Society of St. Vincent de Paul Boston

 

Our Founder

Frederic Ozanam, founder of The Society of St. Vincent de Paul
Frederic Ozanam

Frederic Ozanam, the founder of the Society of St. Vincent de Paul, was born on April 23, 1813, in Milan, Italy, where his French parents had temporarily settled. His father and mother, both outstanding Christians, handed on to him the love of God and the poor from his earliest years.

Frederic received his primary education in Lyon, France, where his family moved when he was quite young. Frederic excelled in studies. After a crisis of faith, Frederic dedicated himself to the service of truth.

In the late autumn of 1831, he moved to Paris to enroll in the School of Law at the Sorbonne, University of Paris; he was eighteen years old. There he found open hostility to Christianity. He was soon defending the faith he loved, in and outside the lecture halls, along with others whom he had gathered. He was fulfilling his vow to truth!

On April 23, 1833, his twentieth birthday, he founded the "Conference of Charity" with six others. Their purpose was to "go to the poor" as Jesus had done. The group soon changed its name to "The Society of Saint Vincent de Paul." Frederic continued to be actively involved with the administration, activity and growth of the Society until his death. He personally saw the Society spread throughout the world. The famous Sister Rosalie Rendu, a Daughter of Charity of St. Vincent de Paul, helped to teach the nascent association in their ministry of charity with God's poor.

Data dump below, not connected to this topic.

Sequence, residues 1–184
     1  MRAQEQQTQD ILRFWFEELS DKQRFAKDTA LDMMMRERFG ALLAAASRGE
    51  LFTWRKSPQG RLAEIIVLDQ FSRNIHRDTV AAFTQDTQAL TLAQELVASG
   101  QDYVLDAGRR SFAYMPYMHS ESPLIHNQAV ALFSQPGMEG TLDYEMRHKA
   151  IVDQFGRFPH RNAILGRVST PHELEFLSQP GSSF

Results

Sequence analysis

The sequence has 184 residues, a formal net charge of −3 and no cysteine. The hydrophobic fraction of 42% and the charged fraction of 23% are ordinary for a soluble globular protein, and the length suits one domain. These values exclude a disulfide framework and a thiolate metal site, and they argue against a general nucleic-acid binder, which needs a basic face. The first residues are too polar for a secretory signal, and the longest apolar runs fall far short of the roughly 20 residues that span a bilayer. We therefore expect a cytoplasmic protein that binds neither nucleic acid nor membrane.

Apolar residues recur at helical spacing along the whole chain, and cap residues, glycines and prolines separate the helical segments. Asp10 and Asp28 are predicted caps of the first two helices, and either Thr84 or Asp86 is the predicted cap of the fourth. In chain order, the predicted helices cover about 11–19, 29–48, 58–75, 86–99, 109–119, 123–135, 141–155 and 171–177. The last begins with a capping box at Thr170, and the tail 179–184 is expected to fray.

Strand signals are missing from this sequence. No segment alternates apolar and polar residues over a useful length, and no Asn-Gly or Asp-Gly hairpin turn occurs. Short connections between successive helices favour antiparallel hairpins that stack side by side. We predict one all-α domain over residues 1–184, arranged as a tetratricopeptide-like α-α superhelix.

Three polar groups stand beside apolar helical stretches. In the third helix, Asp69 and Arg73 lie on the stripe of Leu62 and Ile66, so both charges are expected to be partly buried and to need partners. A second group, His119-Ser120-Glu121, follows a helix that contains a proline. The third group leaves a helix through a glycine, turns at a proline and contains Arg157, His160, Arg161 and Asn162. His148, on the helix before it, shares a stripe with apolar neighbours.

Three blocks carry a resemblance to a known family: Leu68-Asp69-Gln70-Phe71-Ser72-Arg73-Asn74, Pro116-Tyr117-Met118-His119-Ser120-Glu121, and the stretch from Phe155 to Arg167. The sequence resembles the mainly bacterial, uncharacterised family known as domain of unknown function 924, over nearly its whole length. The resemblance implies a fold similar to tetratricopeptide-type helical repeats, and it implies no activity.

Frederic received his Doctor of Law (1836) and then his Doctor of Literature (1839). The Sorbonne hired Frederic as a professor. He quickly became one of the most popular and celebrated members of the faculty.

Frederic authored several books and numerous articles. He became a champion of justice and compassion for the common worker as well as for the poorest of the poor. Frederic's academic genius was recognized by various European Academies.

On June 23, 1841, Frederic married the girl of his dreams, Amelie Soulacroix, at St. Nizier's Church, in Lyon. Their only child, Marie, was born in 1845.

Frederic's life from then on was shared among his family, his teaching, his research, his literary work and his various civic, social and religious commitments. The turmoil of the French Revolutionary period did not make all of this easy.

From childhood, Frederic was never a person of robust health. He became very ill. His wife, Amelie, took him to the Ligurian coast with hopes of recovery. But Bright's Disease had ravaged his body. On August 31, 1853, on Frederic's insistence, and contrary to the doctors' advice, Amelie boated passage on a ship back to France; Frederic wanted to die in his beloved France. They arrived at Marseille, on September 2, met by Amelie's family, Frederic's two brothers, and members of the Society of Saint Vincent de Paul. On the feast of the Nativity of the Blessed Virgin Mary, September 8, 1853, Frederic died; he was forty years old.

He is buried in the crypt of the Church of St. Joseph-des-Carmes, Paris, at the Institute Catholique.

Pope John Paul II beatified Frederic Ozanam on Friday, August 22, 1997, in Notre Dame Cathedral, Paris, during the World Youth Days. Frederic Ozanam was the first person beatified in Paris during its long history.

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